Typical road in Savuti – Chobe National Park

First of all, it is important to understand the different areas and the different types of self-drives.

Make sure you have done your research regarding which areas you would like to visit and what the road conditions are like. Road conditions can vary from main tar roads, to sharp gravel road, deep sandy roads and water crossings. 

Unless you are only planning to drive on tar roads, driving with a 4×4 vehicle is an absolute must! Ideally, the vehicle should have a long range fuel tank or in case it doesn’t, you need to take extra jerry cans. There are no fuel stations in National Parks and even outside the parks, you sometimes need to drive far distances before reaching the next fuel stations.

Another important thing to keep in mind is that the vehicle is properly equipped. Even on tar roads, there is mostly no network between cities. Therefore, it is essential to be travelling with a satellite phone should you have an emergency and need help.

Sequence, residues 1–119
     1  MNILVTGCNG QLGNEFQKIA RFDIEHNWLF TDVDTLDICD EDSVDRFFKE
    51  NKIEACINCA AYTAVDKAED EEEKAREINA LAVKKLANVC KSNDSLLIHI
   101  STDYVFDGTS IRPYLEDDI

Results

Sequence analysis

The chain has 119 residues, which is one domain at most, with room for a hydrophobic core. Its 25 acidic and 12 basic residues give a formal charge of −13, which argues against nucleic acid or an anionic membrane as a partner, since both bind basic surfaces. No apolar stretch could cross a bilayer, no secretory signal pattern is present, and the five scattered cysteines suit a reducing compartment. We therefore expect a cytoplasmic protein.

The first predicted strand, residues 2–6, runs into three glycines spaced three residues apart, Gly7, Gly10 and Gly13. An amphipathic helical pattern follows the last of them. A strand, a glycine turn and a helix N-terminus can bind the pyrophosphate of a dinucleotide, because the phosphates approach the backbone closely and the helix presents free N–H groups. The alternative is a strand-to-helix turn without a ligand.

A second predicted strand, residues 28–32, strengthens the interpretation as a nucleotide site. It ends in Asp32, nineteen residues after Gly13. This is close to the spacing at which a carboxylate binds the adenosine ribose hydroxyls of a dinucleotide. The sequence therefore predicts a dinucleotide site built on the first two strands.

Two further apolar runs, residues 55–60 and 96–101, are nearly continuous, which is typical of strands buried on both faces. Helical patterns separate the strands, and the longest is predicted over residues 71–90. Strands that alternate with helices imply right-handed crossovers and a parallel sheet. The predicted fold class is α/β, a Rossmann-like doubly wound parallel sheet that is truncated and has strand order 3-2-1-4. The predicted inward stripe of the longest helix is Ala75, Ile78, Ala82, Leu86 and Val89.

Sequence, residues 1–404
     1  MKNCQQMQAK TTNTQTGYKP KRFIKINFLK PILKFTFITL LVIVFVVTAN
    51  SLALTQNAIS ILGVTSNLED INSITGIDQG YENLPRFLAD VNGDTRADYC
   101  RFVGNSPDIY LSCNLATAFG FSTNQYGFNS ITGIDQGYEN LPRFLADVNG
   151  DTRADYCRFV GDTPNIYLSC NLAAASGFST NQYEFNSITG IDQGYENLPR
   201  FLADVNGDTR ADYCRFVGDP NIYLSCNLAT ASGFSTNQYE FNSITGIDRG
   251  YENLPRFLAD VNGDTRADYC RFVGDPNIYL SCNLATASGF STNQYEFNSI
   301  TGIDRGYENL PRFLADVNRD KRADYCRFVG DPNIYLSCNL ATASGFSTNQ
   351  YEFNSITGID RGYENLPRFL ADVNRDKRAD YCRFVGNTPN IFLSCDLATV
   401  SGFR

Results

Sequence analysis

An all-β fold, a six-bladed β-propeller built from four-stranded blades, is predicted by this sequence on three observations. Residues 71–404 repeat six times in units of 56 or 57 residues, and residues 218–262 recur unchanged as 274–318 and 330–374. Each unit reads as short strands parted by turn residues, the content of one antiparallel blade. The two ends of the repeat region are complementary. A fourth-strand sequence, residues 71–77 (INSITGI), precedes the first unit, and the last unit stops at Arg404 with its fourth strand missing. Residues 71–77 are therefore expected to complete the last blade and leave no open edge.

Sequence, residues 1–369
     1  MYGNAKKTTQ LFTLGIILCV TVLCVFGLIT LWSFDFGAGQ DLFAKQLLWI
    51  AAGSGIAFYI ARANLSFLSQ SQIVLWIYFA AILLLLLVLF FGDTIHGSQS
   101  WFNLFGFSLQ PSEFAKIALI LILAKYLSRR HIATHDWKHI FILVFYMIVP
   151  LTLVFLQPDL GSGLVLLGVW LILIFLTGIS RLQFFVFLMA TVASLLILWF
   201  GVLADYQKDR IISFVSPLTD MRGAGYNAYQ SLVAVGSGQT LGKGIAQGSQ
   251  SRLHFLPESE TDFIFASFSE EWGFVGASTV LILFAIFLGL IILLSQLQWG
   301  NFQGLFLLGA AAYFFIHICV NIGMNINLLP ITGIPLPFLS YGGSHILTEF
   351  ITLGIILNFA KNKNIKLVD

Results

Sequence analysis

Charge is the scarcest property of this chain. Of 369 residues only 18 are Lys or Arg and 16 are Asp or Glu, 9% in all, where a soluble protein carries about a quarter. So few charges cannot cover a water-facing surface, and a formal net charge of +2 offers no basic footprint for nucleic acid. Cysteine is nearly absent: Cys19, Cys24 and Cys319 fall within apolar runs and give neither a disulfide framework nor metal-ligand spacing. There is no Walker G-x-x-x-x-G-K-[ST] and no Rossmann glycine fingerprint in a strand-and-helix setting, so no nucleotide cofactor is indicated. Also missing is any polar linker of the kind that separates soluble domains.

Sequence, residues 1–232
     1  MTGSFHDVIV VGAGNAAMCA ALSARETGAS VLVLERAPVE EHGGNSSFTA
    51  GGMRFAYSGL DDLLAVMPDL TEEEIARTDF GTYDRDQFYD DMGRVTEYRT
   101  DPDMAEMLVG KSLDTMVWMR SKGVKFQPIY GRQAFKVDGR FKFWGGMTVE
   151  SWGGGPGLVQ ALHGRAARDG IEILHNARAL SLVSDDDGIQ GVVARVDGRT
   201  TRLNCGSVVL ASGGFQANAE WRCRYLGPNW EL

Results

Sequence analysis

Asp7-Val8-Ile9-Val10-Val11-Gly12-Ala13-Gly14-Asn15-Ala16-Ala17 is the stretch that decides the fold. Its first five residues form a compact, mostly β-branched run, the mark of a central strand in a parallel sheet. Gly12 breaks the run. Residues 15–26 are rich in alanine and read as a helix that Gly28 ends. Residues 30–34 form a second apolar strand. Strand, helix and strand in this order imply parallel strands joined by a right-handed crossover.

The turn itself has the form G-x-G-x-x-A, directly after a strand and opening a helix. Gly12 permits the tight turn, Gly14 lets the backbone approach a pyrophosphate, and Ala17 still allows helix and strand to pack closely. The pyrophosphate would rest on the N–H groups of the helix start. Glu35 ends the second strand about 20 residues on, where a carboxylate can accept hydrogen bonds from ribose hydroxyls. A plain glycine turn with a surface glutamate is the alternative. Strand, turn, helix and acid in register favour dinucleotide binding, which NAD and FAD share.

Typical water crossing in the Moremi Game Reserve

Besides that, the car should also be equipped with tools you need in case you get stuck or have a break down, such as a spade, sand ladders, hi-lift jack, tyre repair kit, compressor etc. and of course spare tyres.

In order to find your way around, you should travel with adequate maps, GPS and best of all, Tracks4Africa. Tracks for Africa is a very user-friendly app that you can download on your phone, and the best about it, it works offline! Even in the remotest areas, the app connects the dots via GPS signal and allows people travelling to easily find their way around the complicated and sometimes a bit chaotic bush network.

We know that some clients struggle with the costs for the app. It currently costs USD 50, but this includes regular updates. The app covers many African countries including South Africa, Namibia, Botswana, Zambia and Zimbabwe and many more. Users purchase it once and can use it again and again.

The National Parks are completely wild and camping is only allowed in designated campsite areas.

The campsites are not fenced, which means, animals regularly walk through them, adding to the thrill of being up close with wildlife. However, make sure you keep a safe distance from wild animals – for your own safety but also to respect the wildlife. The same applies to when you are driving. Keep a safe distance from animals, do not go off-road and stick to the well-used track to ensure you have a smooth trip!